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Creating an Extensible Caching System in PHP

In this part of the series, I demonstrate that the use of the “Plug-in” pattern in the construction of an extensible caching system is actually much simpler than many people might think. [Editor's note: this article was published out of sequence; it's actually the third in the series, and comes before yesterday's "HTML5 Client-Side Cache in PHP."]

  1. Creating an Extensible Caching System in PHP
  2. Building an APC wrapper
By: Alejandro Gervasio
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February 03, 2011

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If you’re looking for an approach that lets you build highly-scalable applications without having to dive into complex programming concepts, take a peek at the “Plug-in” pattern. This simple, yet powerful programming methodology will permit you to develop truly “pluggable” programs, whose functionality can be easily extended by means of loosely-coupled modules.

What’s more, implementing the model imposed by the “Plug-in” pattern is so simple that it only requires an average background in the foundation and key concepts of object-oriented programming, such as Inheritance, Composition and interfaces. That's all that you’ll need to know to get the pattern up and running.

Trying to sell you on the benefits of “Plug-in” is a rather pointless task if I don’t show you some functional code samples that demonstrate how to use this paradigm in some concrete cases. In line with this idea, in a previous installment of this series I developed a basic PHP application. It was responsible for rendering different elements on the browser, such as divs, paragraphs and even some JavaScript alert boxes.

Beyond its simplicity, the real beauty of this example relied on the ability of the application to display all sorts of “renderable” objects on screen without having to amend a single section of its source code. Now do you see how easy it is to build extensible PHP programs with the “Plug-in” pattern? I bet you do.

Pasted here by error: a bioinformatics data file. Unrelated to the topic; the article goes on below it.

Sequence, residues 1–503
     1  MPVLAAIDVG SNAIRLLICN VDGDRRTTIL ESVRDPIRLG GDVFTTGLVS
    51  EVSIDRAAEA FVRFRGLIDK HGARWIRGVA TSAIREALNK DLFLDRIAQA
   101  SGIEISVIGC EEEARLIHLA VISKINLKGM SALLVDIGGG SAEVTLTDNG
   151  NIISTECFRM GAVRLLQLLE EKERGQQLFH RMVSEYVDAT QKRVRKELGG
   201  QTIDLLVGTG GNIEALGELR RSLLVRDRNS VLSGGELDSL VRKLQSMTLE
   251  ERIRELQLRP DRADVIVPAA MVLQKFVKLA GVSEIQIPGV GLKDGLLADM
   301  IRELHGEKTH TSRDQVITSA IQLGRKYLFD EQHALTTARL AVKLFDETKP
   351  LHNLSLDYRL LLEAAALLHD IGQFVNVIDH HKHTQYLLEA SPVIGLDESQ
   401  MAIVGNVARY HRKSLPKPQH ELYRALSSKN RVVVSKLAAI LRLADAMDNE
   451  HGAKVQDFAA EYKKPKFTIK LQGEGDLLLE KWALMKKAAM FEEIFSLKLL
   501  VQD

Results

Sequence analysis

It’s fair to point out, however, that the “Plug-in” approach can be used in situations that resemble more realistic environments. In keeping with this concept, in this third chapter of the series I’m going to start building a simple caching system, which will be able to swap easily between several “pluggable” cache back ends.

Does my proposal sound engaging enough for you? Then jump in and begin reading! 

Start building the sample cache system: defining a caching interface

Even though the idea may sound strange at first, it’s possible to take advantage of the functionality provided by the “Plug-in” pattern and create an caching system capable of swapping different cache back ends at runtime, pretty similar to what many frameworks will let you do nowadays (i.e. Zend Framework, Symfony, CodeIgniter and so forth).   

So, the first step I’m going to take toward the implementation of this “pluggable” caching system will consist of defining an abstract cache backend. This backend, not surprisingly, will be an interface called “Cacheable,” whose definition is shown below:



namespace Cache;

interface Cacheable
 public function set($key, $data);
 public function get($key);
 public function delete($key);
 public function clear();     

As you can see from the code fragment above, the “Cacheable” interface establishes a contract that must naturally be fulfilled by all of its eventual implementers. The contract is made up of the “set(),” “get(),” “delete()” and “clear()” methods, which define the behavior of a generic cache backend (actually, I could have added a few more, but to keep things clear and understandable, I’m happy to have only the existing ones).

So far, so good. Having already defined an abstract cache backend, the next logical step is to build a concrete one. In this case, this concrete cache will be a simple wrapper for the APC PHP extension, and in the forthcoming section I’ll be showing its corresponding source class.

So, if you want to see how this APC wrapper will be implemented, jump ahead and keep reading.

>>> More PHP Articles          >>> More By Alejandro Gervasio

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